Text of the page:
Posted: Sunday, September 22, 2019. 8:40 am CST.
By Aaron Humes: It has not been for lack of trying, but according to Prime Minister Dean Barrow, Belize’s economic fortunes continue to hold strong in the face of many obstacles, and he announced plans for new and diverse expansions.
The Prime Minister cited strong gross domestic product (GDP) of 5.2 percent in the first quarter, with a slight contraction of just under one percent in the second, which still puts ahead. Unemployment, measured twice per year, is at 7.6 percent. But as the P.M. pointed out, “Growth and development, however, have always been recognized as two different things. One does not necessarily include the other and in fact they can sometimes sharply diverge. When Belize therefore experiences a happy confluence of growth and development proceeding in tandem; of increased GDP resulting in increased jobs; of more people being put to work and being lifted out of poverty, it is indeed a conjuncture of which we can be proud.”
And speaking of confluences, the death of a visiting tourist on Ambergris Caye in July rattled the tourism industry; drought has ravaged crops and livestock to the tune of $50 million, and the demise of Atlantic International Bank Limited ( AIBL) in the Sanctuary Bay scandal ripped a hole in what some describe as a moribund offshore financial services industry. But both industries have recovered: four percent growth has been recorded in cruise calls and overnight arrivals over 2018 through August, and Atlantic Bank Limited, former parent of AIBL, has been spared its ravages and is expanding lending, tying into the Government’s long-term strategy. AIBL meanwhile is expected to sign off on a settlement with the U.S. Federal Trade Commission.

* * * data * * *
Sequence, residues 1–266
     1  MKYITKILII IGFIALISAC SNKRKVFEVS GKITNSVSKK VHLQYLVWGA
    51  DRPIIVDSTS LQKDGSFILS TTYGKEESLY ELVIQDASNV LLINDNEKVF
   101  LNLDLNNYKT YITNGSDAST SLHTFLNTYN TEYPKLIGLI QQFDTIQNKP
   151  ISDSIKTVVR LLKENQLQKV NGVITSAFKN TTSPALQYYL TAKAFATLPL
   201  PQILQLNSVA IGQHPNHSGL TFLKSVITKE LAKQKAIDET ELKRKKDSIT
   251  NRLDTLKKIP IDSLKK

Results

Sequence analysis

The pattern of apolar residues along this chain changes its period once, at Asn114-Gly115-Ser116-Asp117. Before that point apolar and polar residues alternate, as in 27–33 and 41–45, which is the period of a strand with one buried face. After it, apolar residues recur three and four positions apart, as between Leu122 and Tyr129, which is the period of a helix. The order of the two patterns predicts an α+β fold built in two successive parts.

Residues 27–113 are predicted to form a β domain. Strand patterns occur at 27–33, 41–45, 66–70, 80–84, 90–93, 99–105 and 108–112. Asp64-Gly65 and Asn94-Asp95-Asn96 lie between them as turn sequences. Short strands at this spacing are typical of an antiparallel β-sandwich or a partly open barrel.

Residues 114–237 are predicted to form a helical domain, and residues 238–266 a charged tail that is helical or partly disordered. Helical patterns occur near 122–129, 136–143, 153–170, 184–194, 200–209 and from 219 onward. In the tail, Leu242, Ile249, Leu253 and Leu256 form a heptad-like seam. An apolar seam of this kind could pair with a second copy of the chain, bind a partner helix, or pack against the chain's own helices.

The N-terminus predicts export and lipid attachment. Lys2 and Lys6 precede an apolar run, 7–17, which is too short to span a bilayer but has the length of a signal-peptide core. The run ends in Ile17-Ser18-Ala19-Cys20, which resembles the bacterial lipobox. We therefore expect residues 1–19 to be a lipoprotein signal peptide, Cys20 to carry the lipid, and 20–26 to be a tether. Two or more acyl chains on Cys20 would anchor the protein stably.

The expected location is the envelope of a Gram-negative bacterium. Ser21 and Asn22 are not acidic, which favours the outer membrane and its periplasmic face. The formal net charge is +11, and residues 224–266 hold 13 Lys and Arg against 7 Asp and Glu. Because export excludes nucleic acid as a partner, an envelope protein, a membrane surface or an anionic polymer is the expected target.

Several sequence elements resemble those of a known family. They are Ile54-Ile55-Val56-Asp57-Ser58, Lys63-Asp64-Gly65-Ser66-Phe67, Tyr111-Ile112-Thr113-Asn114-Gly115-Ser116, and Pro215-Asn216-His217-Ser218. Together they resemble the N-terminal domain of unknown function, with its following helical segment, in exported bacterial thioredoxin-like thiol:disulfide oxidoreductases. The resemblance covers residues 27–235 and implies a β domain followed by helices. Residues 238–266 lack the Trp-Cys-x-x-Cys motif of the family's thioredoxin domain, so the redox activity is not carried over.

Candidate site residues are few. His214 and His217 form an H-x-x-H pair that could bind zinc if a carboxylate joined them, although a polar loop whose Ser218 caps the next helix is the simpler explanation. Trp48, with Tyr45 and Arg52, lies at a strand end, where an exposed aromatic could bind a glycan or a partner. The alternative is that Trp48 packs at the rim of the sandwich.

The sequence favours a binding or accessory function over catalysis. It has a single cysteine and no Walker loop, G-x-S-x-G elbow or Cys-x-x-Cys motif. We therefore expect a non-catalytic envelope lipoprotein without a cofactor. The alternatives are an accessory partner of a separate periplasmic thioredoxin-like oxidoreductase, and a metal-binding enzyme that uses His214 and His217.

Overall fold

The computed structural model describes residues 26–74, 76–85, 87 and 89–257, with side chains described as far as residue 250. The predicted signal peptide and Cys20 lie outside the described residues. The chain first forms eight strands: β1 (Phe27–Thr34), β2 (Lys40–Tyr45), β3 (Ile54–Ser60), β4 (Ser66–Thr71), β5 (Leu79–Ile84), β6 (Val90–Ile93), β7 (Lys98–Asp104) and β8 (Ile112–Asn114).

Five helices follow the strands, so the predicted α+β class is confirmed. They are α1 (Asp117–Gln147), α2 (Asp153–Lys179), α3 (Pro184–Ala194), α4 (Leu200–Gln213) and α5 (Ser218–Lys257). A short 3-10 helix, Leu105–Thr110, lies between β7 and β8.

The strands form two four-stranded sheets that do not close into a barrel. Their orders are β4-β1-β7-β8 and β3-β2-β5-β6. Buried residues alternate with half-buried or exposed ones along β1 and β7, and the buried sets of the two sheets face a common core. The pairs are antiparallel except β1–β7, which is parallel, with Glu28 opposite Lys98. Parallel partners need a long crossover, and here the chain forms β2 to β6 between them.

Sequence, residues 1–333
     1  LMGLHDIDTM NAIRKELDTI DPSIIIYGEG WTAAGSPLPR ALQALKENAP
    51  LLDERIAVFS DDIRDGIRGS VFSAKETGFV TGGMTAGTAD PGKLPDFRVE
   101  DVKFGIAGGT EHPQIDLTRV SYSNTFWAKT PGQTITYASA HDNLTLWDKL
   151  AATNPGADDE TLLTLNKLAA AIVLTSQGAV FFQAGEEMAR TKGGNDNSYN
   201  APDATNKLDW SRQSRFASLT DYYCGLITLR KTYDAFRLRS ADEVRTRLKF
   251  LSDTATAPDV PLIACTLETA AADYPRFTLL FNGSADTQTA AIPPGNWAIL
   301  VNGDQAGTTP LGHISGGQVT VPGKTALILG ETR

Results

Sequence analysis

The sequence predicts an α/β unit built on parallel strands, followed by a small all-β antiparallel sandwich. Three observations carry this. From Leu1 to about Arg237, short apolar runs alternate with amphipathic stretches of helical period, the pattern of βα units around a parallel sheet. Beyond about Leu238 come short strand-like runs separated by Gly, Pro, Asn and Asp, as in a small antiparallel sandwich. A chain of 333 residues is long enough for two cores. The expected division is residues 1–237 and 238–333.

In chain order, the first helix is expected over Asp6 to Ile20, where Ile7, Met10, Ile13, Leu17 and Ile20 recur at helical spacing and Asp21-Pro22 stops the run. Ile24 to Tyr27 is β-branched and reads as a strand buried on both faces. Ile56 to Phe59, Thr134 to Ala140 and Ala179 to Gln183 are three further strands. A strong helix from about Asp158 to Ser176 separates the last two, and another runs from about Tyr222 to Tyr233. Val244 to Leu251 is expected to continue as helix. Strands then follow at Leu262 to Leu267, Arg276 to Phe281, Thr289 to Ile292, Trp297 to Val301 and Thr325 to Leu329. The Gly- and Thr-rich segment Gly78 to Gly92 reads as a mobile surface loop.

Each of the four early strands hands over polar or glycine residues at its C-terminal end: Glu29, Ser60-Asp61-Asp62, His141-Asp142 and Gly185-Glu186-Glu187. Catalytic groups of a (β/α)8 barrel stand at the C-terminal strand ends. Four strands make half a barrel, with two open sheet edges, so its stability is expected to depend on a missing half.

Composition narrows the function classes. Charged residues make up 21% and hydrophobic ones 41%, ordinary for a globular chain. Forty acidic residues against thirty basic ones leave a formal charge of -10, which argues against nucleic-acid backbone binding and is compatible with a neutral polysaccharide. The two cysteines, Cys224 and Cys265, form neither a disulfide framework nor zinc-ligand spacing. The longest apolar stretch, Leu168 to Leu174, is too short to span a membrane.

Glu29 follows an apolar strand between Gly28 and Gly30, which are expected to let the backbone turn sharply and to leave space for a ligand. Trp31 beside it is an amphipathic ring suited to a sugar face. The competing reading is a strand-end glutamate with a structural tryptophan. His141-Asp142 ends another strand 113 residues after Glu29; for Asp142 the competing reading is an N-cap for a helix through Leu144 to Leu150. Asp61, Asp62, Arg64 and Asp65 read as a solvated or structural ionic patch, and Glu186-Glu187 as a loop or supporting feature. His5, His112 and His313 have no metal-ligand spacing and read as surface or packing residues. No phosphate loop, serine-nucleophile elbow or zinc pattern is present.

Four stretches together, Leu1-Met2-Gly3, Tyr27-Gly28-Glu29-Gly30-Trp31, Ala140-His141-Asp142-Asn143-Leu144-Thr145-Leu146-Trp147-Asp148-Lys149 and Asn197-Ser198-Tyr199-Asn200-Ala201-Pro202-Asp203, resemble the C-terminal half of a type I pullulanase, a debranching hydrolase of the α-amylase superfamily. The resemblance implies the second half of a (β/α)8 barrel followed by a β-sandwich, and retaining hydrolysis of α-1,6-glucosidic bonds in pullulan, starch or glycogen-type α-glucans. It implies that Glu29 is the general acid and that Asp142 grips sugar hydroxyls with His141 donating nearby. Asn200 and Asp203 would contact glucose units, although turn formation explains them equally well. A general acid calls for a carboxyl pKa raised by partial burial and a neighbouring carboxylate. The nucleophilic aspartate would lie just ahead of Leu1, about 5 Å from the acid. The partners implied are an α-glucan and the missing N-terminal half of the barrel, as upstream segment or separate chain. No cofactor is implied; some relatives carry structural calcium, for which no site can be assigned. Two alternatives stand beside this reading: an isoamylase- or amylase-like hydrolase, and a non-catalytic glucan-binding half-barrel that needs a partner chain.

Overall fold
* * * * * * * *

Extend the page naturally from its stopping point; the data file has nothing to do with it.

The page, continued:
Belize has signed a partial scope agreement with Taiwan and Mexico to sign off on receiving Belizean cattle by December. The Prime Minister repeated the measures taken by the banks including the Central Bank to assist farmers. Relaxation of certain regulatory strictures will allow the commercial banks and other lenders to offer restructured, extended repayment terms on current loans, and fresh financing to our farmers. And there will also be small livelihood grants, subsidized inputs and targeted duty exemptions to assist with upgraded irrigation and necessary equipment.
Another effect of the drought has been the draining of Belize’s rivers, affecting the hydro-electric plants and the supply of electricity, combined with an increase of energy prices and lowered input provided by Mexico’s CFE. Belize Electricity Limited is to sign by October a power purchase agreement for 30 megawatts of solar power energy produced locally, the first ten coming in a year. BEL, said Barrow, has connected close to 5,000 households countrywide in five years to the national grid, with Bullet Tree Falls and Seven Miles in Cayo to come. And the first electric vehicles in Belize – to be trialed by BEL in its fleet – are also coming soon.
Though he complained the vaunted medicinal properties of marijuana or rather THC did nothing for his troublesome back, P.M. Barrow welcomed the start of the new hemp industry, citing ideal growing conditions for the export of both raw hemp and the hemp-based medicinal products that so many foreign investors are lined up to manufacture in our country. “And in furtherance of this Administration’s gospel, we have ensured that the little man, the small farmer, is not left behind. Thus, licenses will be given to growers that wish to cultivate as little as one acre.”
Overall, Barrow concluded, “…our prospects are good. This blessed choice, this noble spot will always ultimately stand us in excellent stead. And together with the Almighty’s bounty that is the physical richness of our native land, there is the oft proven, now legendary, Belizean resilience and resolve. Altogether a fine conjuncture, a grand construct, a wonderful plinth of grit and character and nature’s benevolence. We therefore plough straight ahead regardless of the vicissitudes and vagaries that must attend every nation’s social and economic trajectory. So we march on, buoyed by our conviction that ultimately we are fortune’s child. And we search endlessly for new initiatives, for ways of making life better and vindicating our faith in our Belizean destiny.”
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